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Political campaigns have become more sophisticated with the advent of technology and its application. One constant, however, is the importance of the campaign veterans who have loved, lost, won and lived to fight another day. Navigator Managing Principal, Randy Dawson, is one of the most seasoned — and most successful — campaigners in Canada
I worked on my first political campaign in 1978. I was 18 years old, and the candidate, Rollie Cook, was 26. He was seeking the provincial Progressive Conservative nomination in the newly created riding of Edmonton Glengarry.
In those days, there were no computers, no email, no cellphones. People still opened their doors if you knocked. And they answered their telephones when they rang. Lists were typed out on paper. And hundreds of volunteers came together to do the work.
Even 15 years ago, email and cellphones were just starting to become more common. Some computers were used for rudimentary list management, but when it came to targeting voters, we manually searched through books of census data, picked up land-line phones and knocked on doors.
We’ve gone from a 24-hour news cycle with CNN to a 24-second news cycle with Twitter. It’s not just the issue of speed trumping accuracy, but it makes it much more challenging to cover big, complex issues in a meaningful way.
Since then, however, the pace of change in political campaigns has accelerated rapidly.
Technology is the most obvious driver of that change. It’s now used to target voters and to constantly refine campaign strategy using data that’s collected on an ongoing basis through social media and the use of specialty software.
The application of advanced technology has significantly diminished the reliance on volunteers — although their retreat was already underway. In general, Canadians are not only busier, but the volunteer base is spread more thinly because more sectors than ever rely on volunteers.
Replacing those volunteers is an emergent professional management caste, specializing in voter mobilization. While many of these political experts reside within party organizations, the ranks of third-party contractors is also growing — a trend that’s migrating from the U.S. to Canada.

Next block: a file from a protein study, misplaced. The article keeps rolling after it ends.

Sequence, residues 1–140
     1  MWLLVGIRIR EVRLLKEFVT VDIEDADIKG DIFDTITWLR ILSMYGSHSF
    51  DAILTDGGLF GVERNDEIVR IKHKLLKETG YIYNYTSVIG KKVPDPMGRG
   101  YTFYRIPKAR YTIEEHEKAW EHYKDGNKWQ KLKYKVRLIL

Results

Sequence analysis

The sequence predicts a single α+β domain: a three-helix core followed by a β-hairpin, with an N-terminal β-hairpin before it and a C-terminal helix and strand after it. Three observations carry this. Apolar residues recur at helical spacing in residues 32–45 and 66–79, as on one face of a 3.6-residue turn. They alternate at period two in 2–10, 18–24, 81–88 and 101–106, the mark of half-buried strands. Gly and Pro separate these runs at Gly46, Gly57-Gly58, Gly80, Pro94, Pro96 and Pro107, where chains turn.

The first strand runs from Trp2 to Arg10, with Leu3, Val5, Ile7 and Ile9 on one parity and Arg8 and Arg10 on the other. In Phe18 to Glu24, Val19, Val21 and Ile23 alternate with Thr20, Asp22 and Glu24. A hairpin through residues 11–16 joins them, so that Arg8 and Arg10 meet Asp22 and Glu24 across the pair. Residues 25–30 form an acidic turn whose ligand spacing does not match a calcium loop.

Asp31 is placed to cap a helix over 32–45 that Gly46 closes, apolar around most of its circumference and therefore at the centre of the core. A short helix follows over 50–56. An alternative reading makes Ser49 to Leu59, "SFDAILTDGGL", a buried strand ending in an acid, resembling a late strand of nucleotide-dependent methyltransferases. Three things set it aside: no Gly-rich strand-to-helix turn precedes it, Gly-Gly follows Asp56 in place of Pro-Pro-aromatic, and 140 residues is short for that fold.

These professionals have become essential because of their specialized skill set and also because fixed election dates have extended the length of campaign preparation time. Instead of six months of campaigning ahead of an election, it’s more typically a year. And that’s more than most civilian volunteers could handle.
Financing is another aspect of traditional campaigning that has radically changed. The move from large, single donations to multiple individual contributions is partly a function of technology. Certain programs allow parties to narrowly target contributors based on the resonance of specific issues with their personal interests and beliefs. Financing has also changed because of new rules and attitudes.
Even where corporations are still free to contribute to campaigns, some companies consider political donations an unacceptable use of shareholder capital. The direct appeal for financial support from individuals gained momentum in Canada with the emergence of the Reform Party movement in the 1990s. Reformers had no established network, no big backers, no institutional framework. They had to learn how to raise money directly from supporters — and how to find those supporters. It was an innovation born of necessity.
Another key difference in campaigns is the role of media. Where 15 years ago we worried about media concentration, now the issue is extreme fragmentation. It’s hard to know whom you’re talking to or dealing with when you try to communicate your message. Then there’s the issue of speed. We’ve gone from a 24-hour news cycle with CNN to a 24-second news cycle with Twitter. It’s not just the issue of speed trumping accuracy; it makes it much more challenging to cover big, complex issues in a meaningful way.
In the end, politics and campaigns haven’t fundamentally changed in 15 years. There’s still a bus, there’s still a plane, there’s still a war room — though now everything is monitored around the clock.
Furthermore, today — as it was 15 years ago or three thousand years ago in the days of Cicero — the best way to reach voters is through direct personal contact. We may be doing that in new ways, but the reality is that people want to engage. And campaigns are all about finding the best ways to do just that.
Of the many campaigns I’ve worked on over the years, I have to say my absolute favourite was Jim Prentice’s 2003 federal Tory leadership campaign. It was a real underdog endeavour and we had to slog hard, constituency by constituency, dollar by dollar.
That said, the calibre of the people who stepped up to participate, especially at the convention, was absolutely remarkable. It really was an A-team.
It was all clearly chronicled in the convention coverage: the suspense, the momentum, the tension. In the end, we lost. But it was all redeemed by the fun, the excitement and the electricity.
This campaign is also my favourite because of the issue at its heart. The whole focus was on uniting the Conservative Party and putting an end to all the fighting that had been going on for too long.
In my mind, Jim Prentice came the closest to articulating a vision for a united party. And I have never lost sight of how special — and how important — that process was. And the legacy the debate created.